Another study conducted by psychologists at Wesleyan University found that 31 men and women who sniffed lavender essential oil versus distilled water for only four 2-minute periods before bedtime slept more soundly as shown by their sleep cycles and brain scans. Moreover, the participants who smelled lavender reported sleeping more soundly and feeling more energetic the next morning.
Dose: You don’t eat Lavender but use it as aromatherapy, either in a diffuser or in a sachet next to your pillow. There are also essential oil candles, and essential oil drops can be added to a hot bath for relaxation before bedtime. Be sure to use only high quality essential oils for best results.
Lemon Balm – Lemon balm is a commonly used herb in Traditional Chinese Medicine. It has many uses, one of which is to raise serotonin levels, which promotes sleep.
Dose: Make a tea using 8-10 tablespoons of fresh lemon balm (about 2 tablespoons when dried) and mix it with a couple of teaspoons of dried chamomile flowers then steep with water. It takes about 45 minutes to work so schedule your tea drinking accordingly.
St. John’s Wort – St. John’s Wort (Hypericum perforatum) is a common anti-depressant in Europe and actually dates back to ancient Greece. It is being discovered in the US as a great way of raising serotonin levels in the brain and improving sleep. When there is more serotonin, the sleep-inducing melatonin increases as well so that you can get a restful night’s sleep. Modern scientific studies have shown St. John’s Wort to help with chronic insomnia and to alleviate certain types of mild depression. It mixes well with lemon balm for an additive effect.
Dose: You can take 2 teaspoons of the dried herbal tops and flowers of the St. John’s Wort plant and steep it for 5-10 minutes to make a tea or you can take a prepared capsule. For tincture, use 1/2 to 1 teaspoon two to three times per day. It typically takes about 2-3 weeks for the full therapeutic effect to take place. St. John’s Work causes sensitivity to light, so exposure to sun while taking it is not recommended. Should you experience light sensitivity or any unpleasant symptoms, stop use, and consult with a qualified herbalist.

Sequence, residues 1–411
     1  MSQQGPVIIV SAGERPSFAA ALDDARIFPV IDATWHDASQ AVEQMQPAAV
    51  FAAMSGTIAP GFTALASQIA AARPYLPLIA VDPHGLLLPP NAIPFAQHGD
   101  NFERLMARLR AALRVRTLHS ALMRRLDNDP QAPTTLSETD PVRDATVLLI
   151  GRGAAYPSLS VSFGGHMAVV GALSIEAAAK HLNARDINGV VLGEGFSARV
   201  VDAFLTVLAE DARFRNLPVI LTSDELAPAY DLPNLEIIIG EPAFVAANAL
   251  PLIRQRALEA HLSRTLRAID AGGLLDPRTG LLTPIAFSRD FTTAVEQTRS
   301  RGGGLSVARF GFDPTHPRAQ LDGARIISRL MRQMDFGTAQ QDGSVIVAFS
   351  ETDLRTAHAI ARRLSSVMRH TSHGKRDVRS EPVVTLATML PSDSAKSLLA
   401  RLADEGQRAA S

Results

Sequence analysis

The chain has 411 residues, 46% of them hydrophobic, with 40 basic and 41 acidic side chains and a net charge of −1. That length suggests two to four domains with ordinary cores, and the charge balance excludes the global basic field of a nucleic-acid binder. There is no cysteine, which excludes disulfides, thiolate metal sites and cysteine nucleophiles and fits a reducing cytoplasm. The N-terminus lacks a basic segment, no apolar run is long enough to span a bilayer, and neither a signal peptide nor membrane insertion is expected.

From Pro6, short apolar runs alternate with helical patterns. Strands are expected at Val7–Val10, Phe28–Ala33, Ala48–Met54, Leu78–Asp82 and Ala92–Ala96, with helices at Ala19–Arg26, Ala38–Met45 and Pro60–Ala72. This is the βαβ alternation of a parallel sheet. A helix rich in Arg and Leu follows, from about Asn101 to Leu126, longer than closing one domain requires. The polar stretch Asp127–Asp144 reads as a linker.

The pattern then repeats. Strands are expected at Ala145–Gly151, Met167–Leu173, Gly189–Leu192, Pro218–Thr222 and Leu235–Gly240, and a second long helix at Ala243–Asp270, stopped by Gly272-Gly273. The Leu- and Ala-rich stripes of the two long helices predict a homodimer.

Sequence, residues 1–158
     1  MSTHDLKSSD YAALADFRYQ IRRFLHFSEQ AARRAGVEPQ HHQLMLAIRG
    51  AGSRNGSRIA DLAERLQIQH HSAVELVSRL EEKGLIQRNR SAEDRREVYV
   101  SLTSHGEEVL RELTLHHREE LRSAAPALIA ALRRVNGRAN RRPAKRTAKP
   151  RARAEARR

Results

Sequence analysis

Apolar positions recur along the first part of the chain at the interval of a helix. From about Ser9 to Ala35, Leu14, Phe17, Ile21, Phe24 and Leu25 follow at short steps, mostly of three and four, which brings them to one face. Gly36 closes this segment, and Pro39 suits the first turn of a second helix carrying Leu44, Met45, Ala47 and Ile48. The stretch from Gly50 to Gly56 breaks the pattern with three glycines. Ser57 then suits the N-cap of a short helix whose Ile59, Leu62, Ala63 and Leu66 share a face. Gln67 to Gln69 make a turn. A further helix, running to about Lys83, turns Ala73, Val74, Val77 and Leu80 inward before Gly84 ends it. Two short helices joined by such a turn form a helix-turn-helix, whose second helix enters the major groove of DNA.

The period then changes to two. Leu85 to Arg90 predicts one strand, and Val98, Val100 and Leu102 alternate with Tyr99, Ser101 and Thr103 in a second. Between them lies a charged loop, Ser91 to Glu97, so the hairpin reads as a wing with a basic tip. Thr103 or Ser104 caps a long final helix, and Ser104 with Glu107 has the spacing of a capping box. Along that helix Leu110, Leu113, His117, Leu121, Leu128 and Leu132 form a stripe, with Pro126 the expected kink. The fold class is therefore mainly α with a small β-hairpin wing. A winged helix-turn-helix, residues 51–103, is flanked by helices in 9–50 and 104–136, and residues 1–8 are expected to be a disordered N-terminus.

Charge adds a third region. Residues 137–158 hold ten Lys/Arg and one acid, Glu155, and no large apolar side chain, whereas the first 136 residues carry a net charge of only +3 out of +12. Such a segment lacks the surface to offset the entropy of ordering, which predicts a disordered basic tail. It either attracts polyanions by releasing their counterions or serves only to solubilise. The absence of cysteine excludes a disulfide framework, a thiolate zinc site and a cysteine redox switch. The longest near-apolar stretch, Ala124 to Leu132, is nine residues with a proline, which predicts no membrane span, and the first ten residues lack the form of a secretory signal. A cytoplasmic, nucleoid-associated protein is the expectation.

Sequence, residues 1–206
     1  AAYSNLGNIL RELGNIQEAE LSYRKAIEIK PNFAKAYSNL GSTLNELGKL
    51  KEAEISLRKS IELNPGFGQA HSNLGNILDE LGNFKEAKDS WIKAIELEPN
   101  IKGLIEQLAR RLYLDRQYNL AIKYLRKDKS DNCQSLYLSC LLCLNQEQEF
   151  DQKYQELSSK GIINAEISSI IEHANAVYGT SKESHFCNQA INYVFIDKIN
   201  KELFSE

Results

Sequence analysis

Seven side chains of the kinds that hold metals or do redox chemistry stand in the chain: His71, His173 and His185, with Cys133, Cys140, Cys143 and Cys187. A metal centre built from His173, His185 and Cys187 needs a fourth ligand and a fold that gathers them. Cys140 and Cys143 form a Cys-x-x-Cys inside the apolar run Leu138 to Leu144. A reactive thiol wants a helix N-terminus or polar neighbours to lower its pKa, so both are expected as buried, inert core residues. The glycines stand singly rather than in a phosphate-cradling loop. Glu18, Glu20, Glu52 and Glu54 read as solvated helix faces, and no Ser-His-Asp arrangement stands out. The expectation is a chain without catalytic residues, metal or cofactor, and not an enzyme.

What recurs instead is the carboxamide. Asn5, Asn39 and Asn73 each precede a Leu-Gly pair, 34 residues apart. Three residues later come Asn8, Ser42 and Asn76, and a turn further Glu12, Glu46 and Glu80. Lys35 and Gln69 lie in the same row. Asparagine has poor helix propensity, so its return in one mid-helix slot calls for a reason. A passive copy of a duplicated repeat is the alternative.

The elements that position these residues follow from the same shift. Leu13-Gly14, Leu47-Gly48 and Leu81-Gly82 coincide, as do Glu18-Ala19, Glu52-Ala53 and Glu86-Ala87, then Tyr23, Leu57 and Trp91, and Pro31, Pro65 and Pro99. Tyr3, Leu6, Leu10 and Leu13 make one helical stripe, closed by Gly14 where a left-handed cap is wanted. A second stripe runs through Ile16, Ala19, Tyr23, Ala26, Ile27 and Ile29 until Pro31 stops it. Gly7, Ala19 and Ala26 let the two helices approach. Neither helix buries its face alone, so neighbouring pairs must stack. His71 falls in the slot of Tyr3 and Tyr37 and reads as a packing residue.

Hops – Hops are often additives in natural sleep aids because it is known to promote a relaxed state of mind, which is perfect for a good night’s sleep. Hops also have a long history of use for nervousness, restlessness, and sleeplessness.
Dose: You can use it in a tea or in capsule form. It takes about 2 tablespoons of hops to 4 cups of boiling water to make a tea that you can refrigerate and reheat every night. You can also make a sachet of hops and use it as aromatherapy next to where you sleep.
Passion Flower – Passion flower (Passiflora incarnata) is an effective herb for use in insomnia that is caused by mental worry, overwork, or nervous exhaustion. It is a common ingredient in forty different sedative preparations sold in England. Herbalists advocate its use for both kids and adults as it has no side effects even when used in large doses.
Dose: Passion flower can be drank in tea form, or used as a tincture with 30 to 60 drops taken 3 to 4 times per day.
California Poppy – California poppy (Eschscholzia californica) is a wonderful natural treatment for insomnia; it induces relaxation and eases mild anxiety. It is mild enough for use in children. Studies have shown California poppy to be an effective plant sedative with anti-anxiety properties. One study conducted in 1995 showed it to improve both quality and latency of sleep.
Dose: California poppy can be taken in tea form or as a tincture (a much stronger form than the tea) with 30 to 40 drops two to three times per day.
Kava Kava – Kava kava (Piper methysticum) is often used for it relaxation benefits. Its all natural sedative effect is ideal for insomnia, acute sleeplessness and also fatigue.
Dose: Drink 1 cup of Kava Kava tea two to three times per day. It can also be used as a tincture with 3 to 4 drops two to three times per day.
Wild lettuce – Wild lettuce (Lactuca virosa) is a mild sedative that is effective for occasional restlessness and both acute and chronic insomnia. It is safe for kids.
Dose: Use in tincture form with 2 to 3 drops three to four times per day.
Getting Started With Herbs: Everyone reacts to herbal sleep medications differently, so it is a good idea to keep trying different formulations to find what works best for you.
Caution: Talk to your doctor about taking any herbal remedies for insomnia, especially if you are on other types of medication that can interfere with it. Herbs are powerful plants and some are contraindicated with certain medications.
It is always a good idea to consult with an herbalist, who is a specialist in herbal remedies as they can advise you on the best herbs and doses for your particular insomnia condition.